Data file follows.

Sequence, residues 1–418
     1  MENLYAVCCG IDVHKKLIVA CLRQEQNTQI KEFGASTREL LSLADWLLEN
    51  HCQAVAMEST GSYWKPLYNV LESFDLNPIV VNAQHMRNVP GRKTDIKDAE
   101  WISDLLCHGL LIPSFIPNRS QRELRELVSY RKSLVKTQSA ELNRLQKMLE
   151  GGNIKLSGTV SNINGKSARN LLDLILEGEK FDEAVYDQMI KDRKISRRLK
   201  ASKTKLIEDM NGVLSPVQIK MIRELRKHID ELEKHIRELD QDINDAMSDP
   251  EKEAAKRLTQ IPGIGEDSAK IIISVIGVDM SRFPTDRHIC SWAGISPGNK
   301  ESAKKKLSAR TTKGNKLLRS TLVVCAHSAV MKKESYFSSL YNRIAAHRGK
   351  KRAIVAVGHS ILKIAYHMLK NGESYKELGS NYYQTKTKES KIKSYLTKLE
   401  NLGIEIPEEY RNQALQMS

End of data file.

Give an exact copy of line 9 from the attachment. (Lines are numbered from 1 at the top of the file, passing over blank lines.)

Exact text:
   351  KRAIVAVGHS ILKIAYHMLK NGESYKELGS NYYQTKTKES KIKSYLTKLE